The outbreak of the COVID-19 virus and the protective measures issued by the government have a particular impact on your company, e.g. at a financial level. It is therefore crucial that every director can take the necessary measures in a timely manner to avoid directors’ liability.
When serious and congruent facts may jeopardize the continuity of the enterprise, the board of directors should deliberate on the measures required to safeguard the continuity of economic activity for a minimum period of 12 months.
The COVID-19 crisis and its impact on national and international markets are undoubtedly circumstances that could potentially jeopardize the continuity of the company. The board of directors of each company should therefore schedule a meeting as soon as possible to discuss the measures to be taken in the context of this crisis.
Directors who fail to follow this procedure risk directors’ liability.
2. Alarm bell procedure – benefits
Public limited companies must also follow a specific procedure if the net assets of the company have dropped to less than half of the capital.
A similar procedure should be followed in a private limited company (BV) or the cooperative company (CV) when (i) the net assets of the company threaten to become or have become negative or (ii) the board of directors determines that, according to reasonably foreseeable developments, the company will be most likely not be able to pay its debts for at least the following 12 months (the liquidity test).
In the aforementioned context, consideration should also be given to reviewing the policy of distribution of dividends and bonuses. If the liquidity test was not carried out prior to a certain distribution, the directors’ liability is once again jeopardized.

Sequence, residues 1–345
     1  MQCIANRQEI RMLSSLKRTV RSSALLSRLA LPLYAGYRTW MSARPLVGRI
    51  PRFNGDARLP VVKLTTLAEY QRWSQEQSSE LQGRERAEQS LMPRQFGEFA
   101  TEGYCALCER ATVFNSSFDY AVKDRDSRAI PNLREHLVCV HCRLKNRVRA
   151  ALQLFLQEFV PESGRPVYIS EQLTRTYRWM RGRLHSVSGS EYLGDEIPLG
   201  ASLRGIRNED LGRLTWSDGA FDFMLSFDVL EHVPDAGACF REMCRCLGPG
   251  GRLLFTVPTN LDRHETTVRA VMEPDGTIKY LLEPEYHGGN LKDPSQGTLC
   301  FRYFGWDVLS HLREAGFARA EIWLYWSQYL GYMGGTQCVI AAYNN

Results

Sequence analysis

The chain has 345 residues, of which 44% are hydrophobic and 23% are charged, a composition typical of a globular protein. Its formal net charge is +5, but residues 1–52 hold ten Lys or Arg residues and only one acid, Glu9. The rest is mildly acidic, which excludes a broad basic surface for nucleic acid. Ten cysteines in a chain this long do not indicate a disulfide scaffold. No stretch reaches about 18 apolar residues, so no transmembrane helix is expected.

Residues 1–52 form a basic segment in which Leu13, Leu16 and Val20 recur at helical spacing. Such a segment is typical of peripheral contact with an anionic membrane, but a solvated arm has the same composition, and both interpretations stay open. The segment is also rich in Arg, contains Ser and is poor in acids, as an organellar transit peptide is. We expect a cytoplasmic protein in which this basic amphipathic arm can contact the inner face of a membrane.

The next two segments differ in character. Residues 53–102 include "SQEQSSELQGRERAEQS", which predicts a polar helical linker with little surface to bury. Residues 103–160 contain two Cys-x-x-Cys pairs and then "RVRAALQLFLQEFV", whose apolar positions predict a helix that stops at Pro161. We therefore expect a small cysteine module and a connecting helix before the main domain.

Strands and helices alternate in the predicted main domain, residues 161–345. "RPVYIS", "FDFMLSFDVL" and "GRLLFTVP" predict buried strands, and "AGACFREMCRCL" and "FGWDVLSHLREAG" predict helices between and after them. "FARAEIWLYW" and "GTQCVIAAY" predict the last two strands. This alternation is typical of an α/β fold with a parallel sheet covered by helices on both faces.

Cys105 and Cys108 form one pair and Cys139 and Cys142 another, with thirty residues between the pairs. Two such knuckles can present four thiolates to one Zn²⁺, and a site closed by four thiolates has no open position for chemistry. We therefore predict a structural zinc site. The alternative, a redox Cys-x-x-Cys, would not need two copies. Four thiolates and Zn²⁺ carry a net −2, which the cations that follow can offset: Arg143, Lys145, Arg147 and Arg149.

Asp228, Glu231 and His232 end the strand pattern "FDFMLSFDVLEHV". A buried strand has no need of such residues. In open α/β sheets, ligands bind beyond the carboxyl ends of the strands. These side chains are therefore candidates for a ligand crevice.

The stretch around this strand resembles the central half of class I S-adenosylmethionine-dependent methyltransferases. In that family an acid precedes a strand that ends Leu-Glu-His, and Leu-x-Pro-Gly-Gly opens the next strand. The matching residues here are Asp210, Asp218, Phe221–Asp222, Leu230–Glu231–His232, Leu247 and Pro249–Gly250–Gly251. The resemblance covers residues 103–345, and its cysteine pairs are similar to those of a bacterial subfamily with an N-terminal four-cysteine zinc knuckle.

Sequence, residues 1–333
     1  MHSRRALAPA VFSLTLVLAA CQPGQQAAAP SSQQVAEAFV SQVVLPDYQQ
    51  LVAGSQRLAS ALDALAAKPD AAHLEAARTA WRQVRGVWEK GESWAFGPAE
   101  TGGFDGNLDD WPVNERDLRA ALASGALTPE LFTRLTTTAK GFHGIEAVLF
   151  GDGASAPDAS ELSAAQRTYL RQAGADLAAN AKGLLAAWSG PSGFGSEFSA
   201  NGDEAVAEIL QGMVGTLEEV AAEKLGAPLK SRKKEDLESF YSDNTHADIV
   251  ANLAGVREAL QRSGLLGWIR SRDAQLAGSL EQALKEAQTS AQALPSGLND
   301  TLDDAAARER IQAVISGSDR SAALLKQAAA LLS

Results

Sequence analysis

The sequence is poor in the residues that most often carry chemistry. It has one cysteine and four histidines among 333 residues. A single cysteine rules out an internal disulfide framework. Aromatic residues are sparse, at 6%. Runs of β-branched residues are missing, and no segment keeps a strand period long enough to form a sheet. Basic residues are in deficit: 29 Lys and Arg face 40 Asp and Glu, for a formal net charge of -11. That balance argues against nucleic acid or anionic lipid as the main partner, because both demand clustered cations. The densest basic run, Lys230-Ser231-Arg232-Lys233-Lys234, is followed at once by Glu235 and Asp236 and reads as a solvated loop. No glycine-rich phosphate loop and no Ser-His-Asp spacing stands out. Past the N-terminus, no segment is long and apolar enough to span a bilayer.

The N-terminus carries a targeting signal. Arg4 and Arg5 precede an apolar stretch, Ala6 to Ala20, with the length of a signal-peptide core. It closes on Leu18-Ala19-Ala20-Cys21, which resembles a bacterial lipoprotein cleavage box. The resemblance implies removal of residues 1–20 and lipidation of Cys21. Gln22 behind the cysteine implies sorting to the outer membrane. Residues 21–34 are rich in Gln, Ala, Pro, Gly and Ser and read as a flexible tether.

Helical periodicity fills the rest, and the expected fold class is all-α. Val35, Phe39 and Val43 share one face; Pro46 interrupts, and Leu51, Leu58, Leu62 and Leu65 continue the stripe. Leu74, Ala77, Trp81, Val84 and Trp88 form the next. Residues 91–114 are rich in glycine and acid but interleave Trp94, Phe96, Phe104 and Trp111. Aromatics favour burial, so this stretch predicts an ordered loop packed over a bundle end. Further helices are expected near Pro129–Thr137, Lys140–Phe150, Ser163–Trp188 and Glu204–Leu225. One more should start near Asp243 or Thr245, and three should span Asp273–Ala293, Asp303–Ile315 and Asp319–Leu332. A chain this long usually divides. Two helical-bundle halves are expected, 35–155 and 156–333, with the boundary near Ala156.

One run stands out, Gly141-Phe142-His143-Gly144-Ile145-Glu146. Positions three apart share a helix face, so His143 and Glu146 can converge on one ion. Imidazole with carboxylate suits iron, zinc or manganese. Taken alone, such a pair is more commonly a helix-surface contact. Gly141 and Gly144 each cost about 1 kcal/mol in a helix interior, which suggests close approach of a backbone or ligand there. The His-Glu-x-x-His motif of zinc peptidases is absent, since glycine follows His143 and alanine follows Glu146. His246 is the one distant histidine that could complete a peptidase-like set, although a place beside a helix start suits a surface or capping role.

In the event that these procedures are not complied with, the damage suffered by third parties shall be considered to stem from the absence of the alarm bell procedure, barring proof to the contrary. This in turn increases the risk for the company and its directors, who may be held liable.
In the event that the company’s financial situation continues to deteriorate, there is a risk that it will be subject to judicial reorganization or even bankruptcy proceedings. In the event of mismanagement (i.e. the unlawful continuation of company that is irretrievably beyond redemption while the director does or should have knowledge of this fact and the director does not act with due diligence, care and caution) during the period prior to bankruptcy, the directors are held personally, jointly and severally liable for (part of) the debts of the company, up to the amount of the deficit resulting of the bankruptcy assets.
To avoid directors’ liability, directors should presently take action and follow the necessary procedures. Although some would mistakenly assume that following anticipatory legal procedures would not be a priority in the current crisis, it is crucial to take the necessary measures, not only for the continuity of the company itself, but also to avoid (penal) sanctions against the directors.
If you have any questions regarding the scope of these obligations or their practical application during this period of social distancing, you can always contact your regular contact at Quorum or by sending an email to email@example.com.